When the Jail Fills Up


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The Whatcom County Jail is overpopulated.

The number of people involved with the correctional system in Whatcom County increased 150% during the past year. An average of 330 people are currently incarcerated at any given time, the majority of whom are locked up in the Whatcom County Jail. This poses an issue for a facility with a maximum capacity of 212.

Deb Slater, program specialist and outreach coordinator for the Whatcom County Sheriff’s office, summarized the factors that have led to the current state of the jail in a written statement to the Spectator.

“Challenges such as the COVID epidemic; the partial and/or full closure of courts and other offices necessary for the functioning of the courts… and the continuing failure in the jail infrastructure needed for safe operation have led to the current overcrowding situation at the Whatcom County Jail,” Slater wrote.

The factors Slater mentions are largely unrelated to the correctional system itself or the actions of law enforcement, and are instead issues with court proceedings.

Gabrielle Fischer, a legal intern at the Whatcom County Public Defender’s office, agrees that many of the overcrowding issues are connected to the legal system.

“I think a lot of [jail overcrowding] lies within the court system and prioritizing cases and people that actually pose a risk to society,” Fischer said. “I don’t think the ratio is as high as the number of people in jail right now.”

Prosecuting more cases increases jail populations in multiple ways. If individuals are assigned more jail time, the population increases. However, the larger impact comes from pandemic-extended holding times for pre-trial detainees.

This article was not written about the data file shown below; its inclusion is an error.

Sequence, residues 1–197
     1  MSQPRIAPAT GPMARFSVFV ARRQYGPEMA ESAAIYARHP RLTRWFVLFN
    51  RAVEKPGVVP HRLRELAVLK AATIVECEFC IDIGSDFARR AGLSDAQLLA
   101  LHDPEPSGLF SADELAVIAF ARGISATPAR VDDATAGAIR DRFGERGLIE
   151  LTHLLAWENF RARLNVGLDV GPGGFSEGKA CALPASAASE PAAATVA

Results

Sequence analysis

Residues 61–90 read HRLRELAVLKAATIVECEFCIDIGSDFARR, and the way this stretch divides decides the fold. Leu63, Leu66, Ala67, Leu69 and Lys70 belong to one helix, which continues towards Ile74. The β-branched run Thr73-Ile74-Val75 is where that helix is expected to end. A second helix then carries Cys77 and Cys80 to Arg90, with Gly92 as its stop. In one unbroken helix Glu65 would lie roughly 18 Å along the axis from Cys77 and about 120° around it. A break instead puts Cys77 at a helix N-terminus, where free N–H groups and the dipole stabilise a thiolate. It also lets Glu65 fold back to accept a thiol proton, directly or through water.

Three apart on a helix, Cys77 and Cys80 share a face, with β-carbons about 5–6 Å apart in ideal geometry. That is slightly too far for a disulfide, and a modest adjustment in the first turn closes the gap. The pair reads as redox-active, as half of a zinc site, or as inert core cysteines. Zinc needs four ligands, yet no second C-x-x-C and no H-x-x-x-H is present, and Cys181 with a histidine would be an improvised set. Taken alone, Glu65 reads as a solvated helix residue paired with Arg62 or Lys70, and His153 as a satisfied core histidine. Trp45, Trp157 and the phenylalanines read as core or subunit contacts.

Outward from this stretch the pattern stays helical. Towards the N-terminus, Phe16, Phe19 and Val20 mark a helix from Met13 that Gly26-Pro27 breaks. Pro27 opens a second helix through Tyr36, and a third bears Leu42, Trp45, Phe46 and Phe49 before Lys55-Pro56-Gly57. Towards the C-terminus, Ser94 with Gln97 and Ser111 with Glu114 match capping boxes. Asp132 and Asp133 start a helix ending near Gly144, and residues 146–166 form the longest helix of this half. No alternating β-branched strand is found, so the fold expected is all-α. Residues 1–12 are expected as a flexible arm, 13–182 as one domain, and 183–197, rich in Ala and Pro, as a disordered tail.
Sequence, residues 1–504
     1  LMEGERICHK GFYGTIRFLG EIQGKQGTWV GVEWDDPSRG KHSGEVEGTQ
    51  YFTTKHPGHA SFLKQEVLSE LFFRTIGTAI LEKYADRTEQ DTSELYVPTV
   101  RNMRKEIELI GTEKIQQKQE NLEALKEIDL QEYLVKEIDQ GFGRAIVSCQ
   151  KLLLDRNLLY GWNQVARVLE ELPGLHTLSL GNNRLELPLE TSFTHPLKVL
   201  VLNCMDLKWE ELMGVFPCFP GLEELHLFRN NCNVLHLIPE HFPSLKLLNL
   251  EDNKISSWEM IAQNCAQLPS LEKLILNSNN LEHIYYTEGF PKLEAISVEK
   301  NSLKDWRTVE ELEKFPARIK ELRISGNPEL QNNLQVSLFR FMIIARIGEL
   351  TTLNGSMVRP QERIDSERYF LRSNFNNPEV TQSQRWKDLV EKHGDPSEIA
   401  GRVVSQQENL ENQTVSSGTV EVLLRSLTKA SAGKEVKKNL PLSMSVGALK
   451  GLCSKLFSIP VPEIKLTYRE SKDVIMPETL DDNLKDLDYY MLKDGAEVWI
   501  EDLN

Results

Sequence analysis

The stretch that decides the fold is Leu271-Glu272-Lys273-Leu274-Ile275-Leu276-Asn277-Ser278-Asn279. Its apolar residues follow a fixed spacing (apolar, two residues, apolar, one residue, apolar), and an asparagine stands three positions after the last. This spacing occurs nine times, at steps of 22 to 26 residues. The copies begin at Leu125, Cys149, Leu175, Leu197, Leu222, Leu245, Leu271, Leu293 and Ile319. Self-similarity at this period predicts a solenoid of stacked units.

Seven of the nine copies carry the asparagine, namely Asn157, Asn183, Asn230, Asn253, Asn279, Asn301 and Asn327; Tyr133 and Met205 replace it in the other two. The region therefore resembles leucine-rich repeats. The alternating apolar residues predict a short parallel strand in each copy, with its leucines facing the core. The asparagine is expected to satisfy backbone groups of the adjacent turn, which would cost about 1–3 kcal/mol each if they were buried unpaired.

Robert Lewis of calmatters.org documented the ordeal of DeAngelo Davis, who at the time of writing had been in jail for 651 days without a trial or preliminary hearing. He cites CalMatters’s ‘Waiting for Justice’ investigation which uncovered more than 1,300 Californians who had been held for three years or longer without trial.

This is not a problem unique to California, or to a single jail system. In other jurisdictions, individuals are also being kept in custody for lengthy periods of time.

“Prosecutors choosing to prosecute cases that they don’t need to increases the number of people in jail,” Fischer said.

Homeless people are one group enormously impacted by jail overcrowding. The Vera Report states that the risk of a transient person being arrested is 11 times greater than a housed person. Because many experiencing homelessness lack the ability to bail themselves out of jail, they run the risk of being locked up for months on minor charges. Overcrowding exacerbates issues in marginalized communities, where prison systems stretched to their limit are unable to accommodate different needs.

Hans Erchinger-Davis, the president and CEO of the Lighthouse Mission, a faith-based organization dedicated to helping homeless and transient individuals. The Mission runs a shelter in Bellingham, Wash. that houses hundreds of people in addition to providing meals, showers, employment assistance and other services for low-income residents of Whatcom County. He believes that current strategies hoping to combat homelesness are making it harder for organizations such as Lighthouse Mission to help community members.

“Some of the underlying reasons causing homelessness aren’t being addressed,” Erchinger-Davis said. “It’s more housing-first solutions, but right now that’s an impossible aim to accomplish. It’ll take twenty years to pull off, and in the meantime there’s very little shelter for people out there.”

Often, police reform is cited as a solution for these issues. However, Erchinger-Davis cautions against a full reformist approach.

“Policy change in the last year has limited the ability for police officers to engage folks having a mental health crisis,” Erchinger-Davis said. “We could work with somebody who had complexities about them before, because we could rely on police backup. But for the last year and a half or so, we haven’t been able to do that. There are folks in our community who we became unable to serve because we couldn’t take that risk. Many end up incarcerated.”

There is no one solution to best help those experiencing homelessness, or clean up overcrowded jails. People and organizations working tirelessly on these issues in local communities can always use an extra set of hands.